Book Note: Although Carbuccia has apparently not attracted any biographers, there’s quite a bit about him in Douglas Porch’s excellent The French Foreign Legion (New York: HarperCollins, 1991)
Gunpowder, invented in China sometime between AD 900 and 1100, probably reached Europe by way of the Arabs in the thirteenth century. Although today we often think of gunpowder as having had a revolutionary impact on warfare, it was little more than a novelty for many years, whether in China, the Moslem world, or Europe. Though gunpowder began to have some use in sieges during the thirteenth century, the first known appearance of cannon on a European battlefield was at Crecy (1346), with no known effect. By the century's end heavy bombards were capable of smashing down walls while smaller cannon began proving of some use on the battlefield as well. By the late fifteenth and early sixteenth century firearms were sufficiently advanced as to provide an overwhelming advantage when used against peoples who were entirely unfamiliar with them. This sparked the era of “Gunpowder Empires.” The easiest way to define a gunpowder empire is to say that it was one that had firearms sufficiently sophisticated as to give it such a decisive advantage over someone who did not possess them, that the latter were totally overwhelmed.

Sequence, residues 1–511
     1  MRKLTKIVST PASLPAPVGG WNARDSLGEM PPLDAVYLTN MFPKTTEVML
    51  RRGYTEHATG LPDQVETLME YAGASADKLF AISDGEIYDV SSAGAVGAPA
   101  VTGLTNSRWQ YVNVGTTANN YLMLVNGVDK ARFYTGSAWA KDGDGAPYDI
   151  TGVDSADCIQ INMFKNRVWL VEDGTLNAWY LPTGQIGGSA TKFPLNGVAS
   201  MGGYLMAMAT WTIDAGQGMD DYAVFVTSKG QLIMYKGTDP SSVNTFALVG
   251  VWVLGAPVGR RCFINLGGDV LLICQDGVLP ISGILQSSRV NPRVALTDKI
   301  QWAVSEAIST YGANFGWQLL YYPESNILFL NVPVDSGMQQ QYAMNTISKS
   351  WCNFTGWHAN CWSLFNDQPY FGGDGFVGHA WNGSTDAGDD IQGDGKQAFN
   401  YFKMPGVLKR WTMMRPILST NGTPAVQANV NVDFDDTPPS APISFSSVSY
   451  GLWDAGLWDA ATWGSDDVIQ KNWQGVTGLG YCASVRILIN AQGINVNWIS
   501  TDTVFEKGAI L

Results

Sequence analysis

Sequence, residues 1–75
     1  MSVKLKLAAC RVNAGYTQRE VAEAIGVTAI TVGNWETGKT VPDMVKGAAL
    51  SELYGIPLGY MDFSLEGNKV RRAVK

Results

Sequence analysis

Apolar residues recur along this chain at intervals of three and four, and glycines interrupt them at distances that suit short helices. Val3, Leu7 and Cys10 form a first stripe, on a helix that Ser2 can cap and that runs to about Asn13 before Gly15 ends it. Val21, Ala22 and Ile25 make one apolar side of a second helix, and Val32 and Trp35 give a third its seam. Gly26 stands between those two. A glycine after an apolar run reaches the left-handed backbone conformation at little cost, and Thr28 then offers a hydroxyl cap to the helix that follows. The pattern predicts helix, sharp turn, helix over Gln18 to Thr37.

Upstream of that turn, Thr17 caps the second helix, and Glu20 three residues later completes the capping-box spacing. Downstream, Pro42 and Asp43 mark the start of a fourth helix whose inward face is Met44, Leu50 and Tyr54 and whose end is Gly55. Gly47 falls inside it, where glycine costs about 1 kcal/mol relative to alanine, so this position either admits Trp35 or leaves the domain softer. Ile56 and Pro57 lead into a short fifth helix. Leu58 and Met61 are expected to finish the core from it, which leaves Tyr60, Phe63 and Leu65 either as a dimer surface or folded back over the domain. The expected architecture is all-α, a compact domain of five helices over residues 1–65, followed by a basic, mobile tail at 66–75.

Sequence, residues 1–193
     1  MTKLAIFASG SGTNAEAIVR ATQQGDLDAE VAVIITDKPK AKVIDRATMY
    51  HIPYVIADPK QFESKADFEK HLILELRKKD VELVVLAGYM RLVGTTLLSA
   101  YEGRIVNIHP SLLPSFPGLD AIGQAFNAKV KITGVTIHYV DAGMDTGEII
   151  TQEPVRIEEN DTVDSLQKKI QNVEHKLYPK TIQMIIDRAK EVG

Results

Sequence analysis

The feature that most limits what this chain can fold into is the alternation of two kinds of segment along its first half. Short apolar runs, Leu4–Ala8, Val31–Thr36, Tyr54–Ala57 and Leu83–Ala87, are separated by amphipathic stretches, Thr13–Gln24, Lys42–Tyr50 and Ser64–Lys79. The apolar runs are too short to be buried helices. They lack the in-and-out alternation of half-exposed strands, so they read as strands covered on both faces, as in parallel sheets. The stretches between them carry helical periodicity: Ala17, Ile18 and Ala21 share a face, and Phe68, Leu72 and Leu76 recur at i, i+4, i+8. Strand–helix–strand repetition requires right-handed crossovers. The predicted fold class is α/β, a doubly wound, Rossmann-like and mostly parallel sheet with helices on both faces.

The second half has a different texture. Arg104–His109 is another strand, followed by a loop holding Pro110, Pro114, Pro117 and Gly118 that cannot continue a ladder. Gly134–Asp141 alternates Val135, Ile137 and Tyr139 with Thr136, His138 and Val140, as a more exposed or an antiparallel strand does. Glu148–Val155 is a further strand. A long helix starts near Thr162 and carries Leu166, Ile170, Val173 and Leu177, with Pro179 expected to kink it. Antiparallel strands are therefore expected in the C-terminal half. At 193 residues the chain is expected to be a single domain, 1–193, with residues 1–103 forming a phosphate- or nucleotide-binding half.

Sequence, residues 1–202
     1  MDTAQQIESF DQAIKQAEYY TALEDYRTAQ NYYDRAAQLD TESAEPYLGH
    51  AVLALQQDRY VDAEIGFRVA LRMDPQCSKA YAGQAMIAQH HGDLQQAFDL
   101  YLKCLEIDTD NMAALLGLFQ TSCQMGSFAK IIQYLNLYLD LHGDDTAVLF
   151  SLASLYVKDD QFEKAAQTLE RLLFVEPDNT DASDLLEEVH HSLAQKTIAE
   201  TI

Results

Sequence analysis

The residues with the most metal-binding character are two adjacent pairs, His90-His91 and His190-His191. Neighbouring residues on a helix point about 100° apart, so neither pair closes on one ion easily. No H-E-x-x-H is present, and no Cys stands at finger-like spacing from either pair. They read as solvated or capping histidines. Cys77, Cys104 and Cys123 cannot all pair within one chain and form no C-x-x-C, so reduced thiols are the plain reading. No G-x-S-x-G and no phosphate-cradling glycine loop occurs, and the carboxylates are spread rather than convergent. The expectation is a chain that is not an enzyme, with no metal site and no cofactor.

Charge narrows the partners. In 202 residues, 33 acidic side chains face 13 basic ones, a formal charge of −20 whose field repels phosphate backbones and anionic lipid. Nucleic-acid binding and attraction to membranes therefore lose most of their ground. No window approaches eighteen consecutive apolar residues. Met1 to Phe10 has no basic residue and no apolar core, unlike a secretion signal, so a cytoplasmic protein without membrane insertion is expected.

- The Ottomans in the Balkans and the Middle East beginning from about 1450.
- The Portuguese in Africa and the Indian Ocean from about 1500.
- The Muscovites in Russia from about 1500.
- The Saadi Moroccans in northwest Africa and the Sahel from about 1500
- The Safavids in Persia from 1500.
- The Spanish in Mexico from 1519 and in Peru from 1526.
- The Mughals in greater India from about 1526.
These empires lasted for varying periods, but all endured for at least a century, and some arguably into the twentieth century, as in the cases of Portuguese, the Ottomans, and the Muscovites, their fates largely decided by combinations of internal and external pressures.
Of course, in some areas gunpowder empires did not arise. For, example neither the British nor the French were able to subdue the indigenous peoples of North America by sheer firepower. In part this was probably due to the fact that Indian populations were relatively thin and unsettled, thus providing no “strategic” objectives which might be threatened or seized and thus force a decisive confrontation. In addition, in their competition to secure First Nations’ support against each other, the British and the French were both quick to begin supplying firearms to the Native Americans, who proved adept at integrating them into their traditional ways of war, a development that also occurred in New Zealand, among the Maori.